Peltophorum massaiense Taub.
Bussea massaiensis is a shrub or small tree with a spreading crown; it can grow 2 - 12 metres tall[
The seeds are harvested from the wild for local use as a food. The seeds are sometimes sold in local markets[
]. Although not cultivated, the tree is often protected on farmland. With its bright yellow flowers, it is suitable as an ornamental, for shade and as an avenue tree[
Bussea massaiensis has a fairly large range and is present within the protected areas network. However, the Zambezian woodlands in which the plant occurs are threatened by human exploitation including clearance to create agricultural land and burning for charcoal. The plant is classified as 'Least Concern' in the IUCN Red List of Threatened Species(2013)[
East Tropical Africa - Tanzania, Zambia.
Thickets, where it is sometimes the dominant species; deciduous bushland; and woodland, at elevations from 1,100 - 1,400 metres[
|Conservation Status||Least Concern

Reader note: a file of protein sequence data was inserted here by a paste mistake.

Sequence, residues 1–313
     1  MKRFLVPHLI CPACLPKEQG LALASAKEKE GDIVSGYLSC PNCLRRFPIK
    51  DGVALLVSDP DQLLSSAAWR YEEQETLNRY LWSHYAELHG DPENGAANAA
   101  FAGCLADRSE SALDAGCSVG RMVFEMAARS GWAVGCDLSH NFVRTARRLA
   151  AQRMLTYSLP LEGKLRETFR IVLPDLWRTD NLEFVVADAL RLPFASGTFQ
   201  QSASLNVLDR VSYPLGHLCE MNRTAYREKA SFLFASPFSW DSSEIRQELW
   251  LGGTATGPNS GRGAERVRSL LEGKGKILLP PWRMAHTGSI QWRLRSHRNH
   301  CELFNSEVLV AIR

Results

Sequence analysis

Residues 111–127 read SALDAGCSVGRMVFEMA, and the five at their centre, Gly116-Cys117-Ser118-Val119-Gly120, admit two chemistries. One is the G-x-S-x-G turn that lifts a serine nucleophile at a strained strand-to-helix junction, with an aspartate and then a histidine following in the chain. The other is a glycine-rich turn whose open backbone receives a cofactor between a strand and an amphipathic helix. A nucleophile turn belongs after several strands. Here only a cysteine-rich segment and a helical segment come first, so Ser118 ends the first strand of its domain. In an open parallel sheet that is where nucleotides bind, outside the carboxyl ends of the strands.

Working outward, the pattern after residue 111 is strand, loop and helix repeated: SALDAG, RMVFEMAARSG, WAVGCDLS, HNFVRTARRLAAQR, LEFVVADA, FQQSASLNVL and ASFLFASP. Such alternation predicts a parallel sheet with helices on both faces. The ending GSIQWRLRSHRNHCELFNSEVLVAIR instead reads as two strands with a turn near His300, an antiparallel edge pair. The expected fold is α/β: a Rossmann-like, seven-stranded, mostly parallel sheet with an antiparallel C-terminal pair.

|Cultivation Status||Ornamental, Semi-cultivated, Wild
This species has a symbiotic relationship with certain soil bacteria, these bacteria form nodules on the roots and fix atmospheric nitrogen. Some of this nitrogen is utilized by the growing plant but some can also be used by other plants growing nearby[
Seeds - cooked[
]. They are roasted, a little salt is added and then they are eaten like groundnuts[
]. The roasted seeds can be ground into a powder and then used in making soup with vegetables or meat[
The wood is hard and termite resistant[
]. It is used for building poles, pestles, tool handles and carvings[
The wood of species in this genus is hard, heavy, tough and strong. It is difficult to work and is only suitable for rough, unfinished work[
If you have any useful information about this plant, please leave a comment. Comments have to be approved before they are shown here.